A new pole at the Camperdown Court House will literally fly the flag for community.
Its first use will be on Tuesday May 17 to mark the International Day Against Homophobia, Biphobia, Intersexism and Transphobia (IDAHOBIT).
The new pole is a result of requests from the community to fly special flags on certain occasions, such as the Scottish Flag during the Robert Burns Scottish Festival or symbolic flags for campaigns such as the 16 Days of Activism against Gender Based Violence.
Youth Mayor Tess Lourey said the Youth Council had requested the rainbow flag be flown on IDAHOBIT Day to recognise the international day to eliminate discrimination against LGBTQIA+ community.
“One of the issues that we found when developing the Shire’s ‘SYNC Youth Strategy’ was that many of our young people saw a need for greater acceptance of the LGBTQI+ community,” Ms Lourey said.
“Flying the flag on IDAHOBIT day is a really important way we can stand with the gender diverse people in our community and help them feel safe and included.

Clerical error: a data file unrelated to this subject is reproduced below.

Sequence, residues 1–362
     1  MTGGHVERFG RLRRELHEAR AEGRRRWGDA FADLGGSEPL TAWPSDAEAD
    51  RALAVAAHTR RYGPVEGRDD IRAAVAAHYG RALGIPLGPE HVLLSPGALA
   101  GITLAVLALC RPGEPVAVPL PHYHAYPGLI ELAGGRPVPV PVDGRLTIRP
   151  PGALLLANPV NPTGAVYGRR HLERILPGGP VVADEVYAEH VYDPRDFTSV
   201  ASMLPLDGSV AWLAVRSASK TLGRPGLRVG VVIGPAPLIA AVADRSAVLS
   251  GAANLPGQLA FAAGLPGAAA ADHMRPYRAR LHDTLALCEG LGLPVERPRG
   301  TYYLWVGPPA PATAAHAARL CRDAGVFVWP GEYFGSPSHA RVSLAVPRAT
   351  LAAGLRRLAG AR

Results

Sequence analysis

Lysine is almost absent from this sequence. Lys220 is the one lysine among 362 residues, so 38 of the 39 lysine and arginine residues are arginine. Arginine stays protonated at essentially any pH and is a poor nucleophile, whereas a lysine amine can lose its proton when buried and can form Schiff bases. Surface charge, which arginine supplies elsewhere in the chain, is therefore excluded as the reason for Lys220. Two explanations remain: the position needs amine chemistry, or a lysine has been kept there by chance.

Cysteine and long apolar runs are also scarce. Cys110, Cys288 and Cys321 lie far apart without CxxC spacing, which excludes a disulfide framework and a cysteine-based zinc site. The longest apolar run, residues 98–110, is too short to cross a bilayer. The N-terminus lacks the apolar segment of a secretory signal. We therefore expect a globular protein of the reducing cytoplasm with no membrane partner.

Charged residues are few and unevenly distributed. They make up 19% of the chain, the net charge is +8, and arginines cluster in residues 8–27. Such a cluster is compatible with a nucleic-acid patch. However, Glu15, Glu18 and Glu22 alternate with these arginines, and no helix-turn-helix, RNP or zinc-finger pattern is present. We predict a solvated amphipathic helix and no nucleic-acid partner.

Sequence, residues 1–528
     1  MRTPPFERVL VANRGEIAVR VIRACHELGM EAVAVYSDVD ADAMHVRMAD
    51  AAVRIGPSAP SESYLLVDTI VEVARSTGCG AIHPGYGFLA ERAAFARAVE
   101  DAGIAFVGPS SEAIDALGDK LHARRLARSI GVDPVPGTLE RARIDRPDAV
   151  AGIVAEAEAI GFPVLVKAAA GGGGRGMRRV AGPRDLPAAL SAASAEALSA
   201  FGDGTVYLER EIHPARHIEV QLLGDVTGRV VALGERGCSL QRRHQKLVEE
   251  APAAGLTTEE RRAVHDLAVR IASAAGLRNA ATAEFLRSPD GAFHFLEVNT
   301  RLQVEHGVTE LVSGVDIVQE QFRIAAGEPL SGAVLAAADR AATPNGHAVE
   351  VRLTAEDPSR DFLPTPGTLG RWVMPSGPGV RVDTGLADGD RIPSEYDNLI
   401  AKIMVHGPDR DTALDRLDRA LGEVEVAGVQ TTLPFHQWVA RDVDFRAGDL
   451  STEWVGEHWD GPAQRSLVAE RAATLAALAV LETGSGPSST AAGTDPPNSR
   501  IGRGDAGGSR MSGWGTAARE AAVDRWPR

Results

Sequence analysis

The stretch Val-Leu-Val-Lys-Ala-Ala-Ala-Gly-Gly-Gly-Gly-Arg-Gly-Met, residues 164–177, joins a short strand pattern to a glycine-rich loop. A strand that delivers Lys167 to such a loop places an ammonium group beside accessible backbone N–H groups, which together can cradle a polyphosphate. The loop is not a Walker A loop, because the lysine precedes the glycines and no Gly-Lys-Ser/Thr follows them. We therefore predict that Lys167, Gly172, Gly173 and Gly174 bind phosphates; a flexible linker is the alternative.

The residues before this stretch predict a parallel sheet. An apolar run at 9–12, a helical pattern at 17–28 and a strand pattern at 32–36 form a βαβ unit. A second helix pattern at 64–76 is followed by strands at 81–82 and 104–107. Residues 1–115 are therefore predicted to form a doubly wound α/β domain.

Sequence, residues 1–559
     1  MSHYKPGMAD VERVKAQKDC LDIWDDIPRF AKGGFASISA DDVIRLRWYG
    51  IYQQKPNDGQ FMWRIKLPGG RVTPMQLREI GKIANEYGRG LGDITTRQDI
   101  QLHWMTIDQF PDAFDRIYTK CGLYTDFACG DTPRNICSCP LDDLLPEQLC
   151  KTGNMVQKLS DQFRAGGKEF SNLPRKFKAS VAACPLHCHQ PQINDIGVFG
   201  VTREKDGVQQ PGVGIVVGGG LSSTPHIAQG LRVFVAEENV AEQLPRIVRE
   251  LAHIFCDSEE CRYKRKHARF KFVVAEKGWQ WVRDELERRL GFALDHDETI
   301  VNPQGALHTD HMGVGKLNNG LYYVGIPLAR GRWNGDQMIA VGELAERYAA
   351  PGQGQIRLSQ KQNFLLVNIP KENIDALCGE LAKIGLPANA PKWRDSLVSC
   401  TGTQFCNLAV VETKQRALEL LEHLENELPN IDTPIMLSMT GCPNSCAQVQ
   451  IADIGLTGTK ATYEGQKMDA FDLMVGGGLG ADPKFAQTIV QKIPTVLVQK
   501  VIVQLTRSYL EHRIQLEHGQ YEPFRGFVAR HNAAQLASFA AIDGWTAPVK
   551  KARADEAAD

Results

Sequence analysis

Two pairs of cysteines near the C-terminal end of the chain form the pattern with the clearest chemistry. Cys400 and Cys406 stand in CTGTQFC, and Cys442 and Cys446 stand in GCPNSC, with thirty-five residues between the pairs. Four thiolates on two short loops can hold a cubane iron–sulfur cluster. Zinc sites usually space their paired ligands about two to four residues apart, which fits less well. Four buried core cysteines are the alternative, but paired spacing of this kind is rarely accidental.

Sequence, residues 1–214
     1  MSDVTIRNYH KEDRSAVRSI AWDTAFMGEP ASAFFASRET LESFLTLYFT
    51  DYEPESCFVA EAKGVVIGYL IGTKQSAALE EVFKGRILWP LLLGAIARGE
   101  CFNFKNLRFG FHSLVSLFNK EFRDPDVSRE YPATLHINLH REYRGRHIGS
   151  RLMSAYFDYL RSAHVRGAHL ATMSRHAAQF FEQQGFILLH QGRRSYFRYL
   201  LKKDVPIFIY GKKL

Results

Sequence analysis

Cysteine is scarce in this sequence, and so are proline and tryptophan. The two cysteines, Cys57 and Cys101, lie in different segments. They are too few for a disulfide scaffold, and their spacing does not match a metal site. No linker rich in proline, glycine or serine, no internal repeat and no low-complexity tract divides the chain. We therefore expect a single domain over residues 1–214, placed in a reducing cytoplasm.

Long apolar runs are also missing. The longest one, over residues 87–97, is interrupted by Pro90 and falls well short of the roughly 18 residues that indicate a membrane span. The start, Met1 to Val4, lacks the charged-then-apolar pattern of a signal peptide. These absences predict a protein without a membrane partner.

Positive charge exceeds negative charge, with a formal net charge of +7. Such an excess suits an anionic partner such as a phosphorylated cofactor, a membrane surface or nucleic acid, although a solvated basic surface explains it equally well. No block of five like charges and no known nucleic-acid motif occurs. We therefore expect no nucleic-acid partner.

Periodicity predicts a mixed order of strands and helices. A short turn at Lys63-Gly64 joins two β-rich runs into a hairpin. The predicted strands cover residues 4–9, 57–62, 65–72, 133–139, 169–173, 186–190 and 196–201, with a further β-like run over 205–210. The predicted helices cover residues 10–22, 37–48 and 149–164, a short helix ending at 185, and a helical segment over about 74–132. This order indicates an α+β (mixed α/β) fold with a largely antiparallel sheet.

“It helps educate people and raise awareness of the work still needed to combat discrimination.
“Being able to be yourself is a fundamental human right and essential to mental health and wellbeing.
“We invite members of the community to come along at 3:30 pm on Tuesday 17 for a short flag raising ceremony at 4 pm.”
IDAHOBIT started in 1990 when the World Health Organisation removed homosexuality from the Classification of Diseases and Related Health Problems.
Mayor Ruth Gstrein said Council adopted an updated ‘Flying of Flags Policy’ in February so requests from the community could be handled fairly and consistently.
“The new pole has been installed next to the courthouse so we can celebrate different groups in our community,” Cr Gstrein said.
“It is set aside from the Civic Centre flagpoles because only official flags of nations recognised by Australia can be flown beside the Commonwealth flag.
Under the policy only local communities or internationally, nationally or state recognised days and activities are eligible for consideration.
The flying of a community flag must:
- promote respect for all;
- be part of an event or ceremony;
- be consistent with Council’s values and policies; and
- embrace a sense of belonging and enhanced community life.
The ‘Flying of Flags Policy’ can be found here.
To apply for a flag to be flown, fill in the online form here